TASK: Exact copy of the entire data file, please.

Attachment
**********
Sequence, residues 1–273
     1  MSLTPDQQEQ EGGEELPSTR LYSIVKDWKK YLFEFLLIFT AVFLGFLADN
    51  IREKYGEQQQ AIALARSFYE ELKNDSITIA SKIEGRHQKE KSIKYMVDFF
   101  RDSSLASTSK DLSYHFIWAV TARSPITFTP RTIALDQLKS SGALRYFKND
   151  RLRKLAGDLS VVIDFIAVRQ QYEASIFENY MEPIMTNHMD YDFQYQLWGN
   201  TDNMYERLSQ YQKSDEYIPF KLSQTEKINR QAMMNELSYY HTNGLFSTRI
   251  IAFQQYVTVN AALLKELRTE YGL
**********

Sequence, residues 1–273
     1  MSLTPDQQEQ EGGEELPSTR LYSIVKDWKK YLFEFLLIFT AVFLGFLADN
    51  IREKYGEQQQ AIALARSFYE ELKNDSITIA SKIEGRHQKE KSIKYMVDFF
   101  RDSSLASTSK DLSYHFIWAV TARSPITFTP RTIALDQLKS SGALRYFKND
   151  RLRKLAGDLS VVIDFIAVRQ QYEASIFENY MEPIMTNHMD YDFQYQLWGN
   201  TDNMYERLSQ YQKSDEYIPF KLSQTEKINR QAMMNELSYY HTNGLFSTRI
   251  IAFQQYVTVN AALLKELRTE YGL